Monday, January 20, 2014


Leah Vincent, though happily married, hasn’t taken her husband’s surname. But “Vincent” isn’t the last name she grew up with. She does not share it with her father, a prominent Orthodox rabbi from Pittsburgh or any of her ten siblings. She assumed “Vincent” in her 20s when she was briefly married to a roommate in need of a green card. He got to remain in the United States and she got to forge a new identity, one that is separate from the strict religious upbringing she was looking to escape.

“Growing up with such an influential father, every time I said my own name, I was reminded that my father was disappointed in me and everything I had left behind,” Vincent, 31, told me in advance of the publication of her memoir, Cut Me Loose: Sin and Salvation After My Ultra-Orthodox Girlhood. “Now every time I say my name, it’s like a fresh slate. Nobody else gets to decide what Vincent means.”

The story of how she became Vincent—the first in her family to attend college, a recipient of a Harvard masters degree, mother of a young daughter, and most significantly, a formerly ultra-Orthodox Jew—comprises the narrative arc of the book.

It starts with Vincent as a devout young girl in Pittsburgh, who has wholly accepted her role as a woman in her community and the life plan that had been preordained—marriage and motherhood—and both as soon as possible. “I also thought it was the only possibility,” Vincent said. “It’s like asking a penguin, ‘How do you feel about growing up to be a penguin?’ It’s like—‘I’m a penguin. This is my calling.’”

It wasn’t until her teens that she started to realize that she might not be a penguin: She had asked some inappropriate questions and had a G-rated flirtation with a boy. Once discovered by her parents and family, the young Vincent was pushed aside, put on the family back burner, so to speak, waiting for marriage and for her life to begin. (Not that she was on track for such an outcome, given her reputation for minor transgressions.)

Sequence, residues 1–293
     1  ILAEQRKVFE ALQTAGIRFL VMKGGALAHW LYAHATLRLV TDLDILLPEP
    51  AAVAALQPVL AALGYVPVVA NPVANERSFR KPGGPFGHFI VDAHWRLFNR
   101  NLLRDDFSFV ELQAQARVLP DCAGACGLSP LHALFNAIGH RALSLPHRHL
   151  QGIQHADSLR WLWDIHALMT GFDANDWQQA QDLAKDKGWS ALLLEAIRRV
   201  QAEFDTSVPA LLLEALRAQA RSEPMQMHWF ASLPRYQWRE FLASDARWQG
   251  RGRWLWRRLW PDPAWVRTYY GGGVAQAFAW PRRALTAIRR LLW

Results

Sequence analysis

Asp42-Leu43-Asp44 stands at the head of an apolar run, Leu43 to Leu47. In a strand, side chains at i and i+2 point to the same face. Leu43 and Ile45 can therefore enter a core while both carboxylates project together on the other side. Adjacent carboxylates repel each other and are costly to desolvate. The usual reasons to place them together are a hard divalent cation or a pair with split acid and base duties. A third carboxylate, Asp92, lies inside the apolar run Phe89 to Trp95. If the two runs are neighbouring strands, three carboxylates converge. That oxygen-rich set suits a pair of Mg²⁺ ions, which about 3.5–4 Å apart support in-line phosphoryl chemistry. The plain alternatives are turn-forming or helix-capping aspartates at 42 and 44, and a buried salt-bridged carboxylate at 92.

“It’s a gigantic waste of talent and opportunity to sit around waiting for some man to give you permission to fill a role,” Vincent commented.

Many of the reviews of Vincent’s book are likely to focus on the details of her Orthodox upbringing, exoticizing the unfamiliar elements such as the strictures of kashrut (rules pertaining to what is and isn't permissible to eat) and the Sabbath and strict codes of female modesty. But Cut Me Loose isn’t particularly salacious in recounting the details of the ultra-Orthodox experience. (If you’re looking for a more scandal-driven tome, Deborah Feldman’s 2012 bestseller Unorthodox: The Scandalous Rejection Of My Hasidic Roots might be a more appropriate choice. Scandal is baked right into the title.) Vincent’s agenda doesn’t seem to be lifting the veil on her former community and sensationalizing ultra-Orthodox life. Besides, stating the facts plainly is often sensational enough for the uninitiated.

That’s not to say the reader won’t learn a great deal about the Orthodox community from reading this memoir. But if you can resist the urge to engage in pop culture anthropologizing and mentally set aside the exotic details, what emerges is a more universal story of feminist awakening. Vincent journeys from a black and white space, where gender roles are rigidly enforced to a grayer space where women have more options, but not as many we’d like. (For instance, women don’t have the option to be unattractive in our so-called “enlightened” society.)

“When I told the story, it was very important to me that this was a girl’s story, of coming into womanhood, and the religious aspect is the background of the story,” she commented.


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